New Delhi, Mar.2 (ANI): Releasing a Centre for Social Research (CSR) report on "Surrogacy Motherhood: Ethical or Commercial", based on a study conducted in Gujarat, CSR director and noted women activist Dr Ranjana Kumari on Friday urged the government to expeditiously clear the Assisted Reproductive Technology (ART) Bill 2010 to "ensure protection of social, emotional and economic security of women who render their wombs thus undergoing severe mental trauma in order to sustain their livelihoods."
Stating that India was becoming infamous as the world capital of surrogacy motherhood, Kumari said there is an urgent need to protect the rights of surrogate mothers besides strengthening legislation to curb proliferation of assisted reproductive technology clinics across the country.
The report recommends, "A clearly defined law needs to be drafted immediately which will pronounce in detail the Indian government's stand on surrogacy; so that discrete activity leading to exploitation of the surrogate mother can be stopped."
"It also says that the citizenship right of the surrogate baby is also of crucial importance and asks "the Indian government to take a stand in terms of conferring the surrogate baby Indian citizenship as s/he is born in the womb of an Indian (the surrogate mother) and in India."
Health Insurance for both the surrogate mother and the child is essential to ensure a healthy life, the report points out.
The report showcases the rise in surrogacy over the years and why India is becoming a viable option for the international medical tourists.
"Cheap medical facilities, advanced reproductive technological know-how, coupled with poor socio-economic conditions, and a lack of regulatory laws in India, combines to make India an attractive option," said Manasi Mishra, head of research, CSR, and lead author of the report.
The report also raises concern about the rights of the surrogate mother and the illegal functioning of Assisted Reproductive Technology (ART) clinics across the country.
It also raises questions on whether surrogate motherhood should be regulated, and if so, in what way. If agreement could be achieved with regard to regulation, the question remains whether the standards that are set could be maintained, mentions the report.
"There should be legislation directly on the subject of surrogacy arrangement involving all the three parties i.e. the surrogate mother, the commissioning parents and the child. There is a need of right-based legal framework for the surrogate mothers, as the ICMR guidelines are not enough", said Dr Kumari.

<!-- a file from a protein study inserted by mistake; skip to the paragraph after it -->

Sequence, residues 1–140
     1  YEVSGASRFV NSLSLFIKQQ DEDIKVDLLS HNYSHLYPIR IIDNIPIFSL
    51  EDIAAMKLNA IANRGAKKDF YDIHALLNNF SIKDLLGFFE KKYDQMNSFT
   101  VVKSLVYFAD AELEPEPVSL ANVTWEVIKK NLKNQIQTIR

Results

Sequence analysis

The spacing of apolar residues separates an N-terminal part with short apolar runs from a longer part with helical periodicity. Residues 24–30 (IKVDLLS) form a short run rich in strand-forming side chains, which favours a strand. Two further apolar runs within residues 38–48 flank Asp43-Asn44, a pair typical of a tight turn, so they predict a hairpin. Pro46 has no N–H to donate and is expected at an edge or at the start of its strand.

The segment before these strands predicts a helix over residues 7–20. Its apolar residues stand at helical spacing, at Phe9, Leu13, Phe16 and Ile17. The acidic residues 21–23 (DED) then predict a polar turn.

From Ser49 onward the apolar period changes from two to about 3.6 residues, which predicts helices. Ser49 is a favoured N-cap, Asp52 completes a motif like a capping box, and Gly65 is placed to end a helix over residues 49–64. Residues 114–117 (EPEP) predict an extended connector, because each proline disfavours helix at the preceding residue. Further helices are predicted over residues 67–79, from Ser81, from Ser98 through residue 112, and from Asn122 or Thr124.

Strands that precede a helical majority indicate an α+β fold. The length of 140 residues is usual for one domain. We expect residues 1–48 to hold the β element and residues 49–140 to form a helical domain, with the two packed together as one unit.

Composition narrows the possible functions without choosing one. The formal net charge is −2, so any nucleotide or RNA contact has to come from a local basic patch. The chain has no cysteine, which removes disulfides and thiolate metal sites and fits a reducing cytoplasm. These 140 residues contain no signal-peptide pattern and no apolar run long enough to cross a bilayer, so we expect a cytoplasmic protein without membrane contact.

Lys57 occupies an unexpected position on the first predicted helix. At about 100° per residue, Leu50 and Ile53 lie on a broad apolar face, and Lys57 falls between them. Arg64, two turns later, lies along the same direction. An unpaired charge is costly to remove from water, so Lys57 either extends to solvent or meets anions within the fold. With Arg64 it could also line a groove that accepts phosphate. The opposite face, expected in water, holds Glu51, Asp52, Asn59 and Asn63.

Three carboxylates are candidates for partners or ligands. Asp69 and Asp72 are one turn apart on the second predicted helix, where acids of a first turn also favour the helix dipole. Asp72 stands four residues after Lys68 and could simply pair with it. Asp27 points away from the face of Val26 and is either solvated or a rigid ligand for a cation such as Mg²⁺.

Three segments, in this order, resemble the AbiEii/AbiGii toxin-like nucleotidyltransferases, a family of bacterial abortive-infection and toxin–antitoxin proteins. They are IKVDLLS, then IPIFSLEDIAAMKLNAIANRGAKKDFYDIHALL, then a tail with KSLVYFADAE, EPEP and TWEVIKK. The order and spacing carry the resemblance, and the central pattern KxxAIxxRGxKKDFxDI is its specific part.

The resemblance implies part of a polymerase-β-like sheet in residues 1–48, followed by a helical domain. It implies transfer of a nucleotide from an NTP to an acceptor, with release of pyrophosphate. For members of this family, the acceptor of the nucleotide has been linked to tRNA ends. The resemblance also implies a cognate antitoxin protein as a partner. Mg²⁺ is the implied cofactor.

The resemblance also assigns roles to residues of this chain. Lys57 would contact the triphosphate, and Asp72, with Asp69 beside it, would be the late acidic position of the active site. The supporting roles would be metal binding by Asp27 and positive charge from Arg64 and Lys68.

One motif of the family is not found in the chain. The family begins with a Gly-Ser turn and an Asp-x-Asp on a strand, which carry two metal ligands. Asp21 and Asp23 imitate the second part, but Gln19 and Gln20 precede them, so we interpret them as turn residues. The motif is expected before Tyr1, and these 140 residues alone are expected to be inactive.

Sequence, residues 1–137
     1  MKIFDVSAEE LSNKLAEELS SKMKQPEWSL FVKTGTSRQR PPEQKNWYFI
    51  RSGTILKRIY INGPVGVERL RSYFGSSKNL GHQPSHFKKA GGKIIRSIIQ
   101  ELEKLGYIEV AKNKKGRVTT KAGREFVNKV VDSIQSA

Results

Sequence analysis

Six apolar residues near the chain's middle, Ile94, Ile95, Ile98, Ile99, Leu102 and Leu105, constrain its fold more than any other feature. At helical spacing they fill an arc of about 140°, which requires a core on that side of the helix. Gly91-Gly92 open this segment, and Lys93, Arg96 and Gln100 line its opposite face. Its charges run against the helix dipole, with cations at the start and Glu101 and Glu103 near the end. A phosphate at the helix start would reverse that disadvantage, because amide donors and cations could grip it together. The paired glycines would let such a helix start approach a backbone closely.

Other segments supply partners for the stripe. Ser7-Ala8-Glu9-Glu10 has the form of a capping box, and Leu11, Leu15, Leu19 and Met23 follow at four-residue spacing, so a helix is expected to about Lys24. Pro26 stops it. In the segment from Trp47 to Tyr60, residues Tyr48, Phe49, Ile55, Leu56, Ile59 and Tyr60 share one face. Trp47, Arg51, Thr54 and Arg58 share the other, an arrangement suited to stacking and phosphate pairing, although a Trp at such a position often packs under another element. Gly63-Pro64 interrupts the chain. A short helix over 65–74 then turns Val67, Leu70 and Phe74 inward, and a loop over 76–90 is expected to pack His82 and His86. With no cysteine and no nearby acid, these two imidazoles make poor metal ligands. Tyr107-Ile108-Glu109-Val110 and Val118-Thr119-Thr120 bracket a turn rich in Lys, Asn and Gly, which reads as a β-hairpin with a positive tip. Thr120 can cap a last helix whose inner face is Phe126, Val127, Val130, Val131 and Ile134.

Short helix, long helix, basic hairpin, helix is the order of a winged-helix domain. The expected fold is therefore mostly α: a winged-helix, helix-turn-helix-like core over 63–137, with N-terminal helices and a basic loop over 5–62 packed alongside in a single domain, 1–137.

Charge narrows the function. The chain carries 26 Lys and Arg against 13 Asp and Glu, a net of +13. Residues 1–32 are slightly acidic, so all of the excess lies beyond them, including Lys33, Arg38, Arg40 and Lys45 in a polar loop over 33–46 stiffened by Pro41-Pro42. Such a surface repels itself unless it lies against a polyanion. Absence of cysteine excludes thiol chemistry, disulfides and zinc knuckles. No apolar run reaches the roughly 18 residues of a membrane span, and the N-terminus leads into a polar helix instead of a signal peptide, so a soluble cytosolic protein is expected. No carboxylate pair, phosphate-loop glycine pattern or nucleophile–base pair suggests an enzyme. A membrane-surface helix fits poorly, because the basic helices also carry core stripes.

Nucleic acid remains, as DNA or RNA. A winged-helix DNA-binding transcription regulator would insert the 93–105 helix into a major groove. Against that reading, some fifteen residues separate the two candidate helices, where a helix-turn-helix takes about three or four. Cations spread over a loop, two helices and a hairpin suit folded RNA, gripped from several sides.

The volume of the trade arising from a surrogacy arrangement is estimated to be around 500 million dollars and the numbers of cases of surrogacy are increasing rapidly. The exact extent of this practice in India is not known, but inquiries have revealed that this practice has doubled in the last few years.
There is a growing demand for fair-skinned, educated young women to become surrogate mothers for foreign couples. Often, couples have to wait for as long as eight months to a year for their turn. Normally women from small towns are selected for outsourcing pregnancy. In places like Anand, Surat, Jamnagar, Bhopal and Indore, a large number of couples from both within India and abroad travel to fulfill their desire for a child.
The average cost of surrogacy is around 10,000 to 30,000 dollars, which includes the remuneration of the surrogate mothers, IVF costs, foods and consumables, legal and doctors' fees, delivery cost and antenatal care.
For International medical tourists the cost seems extremely reasonable which instigates more couples to seek such treatment in India.
However, the actual womb donors are often deprived of their rightful compensation.
Most of the middlemen, medical clinics and lawyers eat up the largest portion of money accepted from the clients.
According to the report, out of the Rs 12-15 lakhs that are spent on surrogacy, the mothers get a meagre one to two percent. (ANI)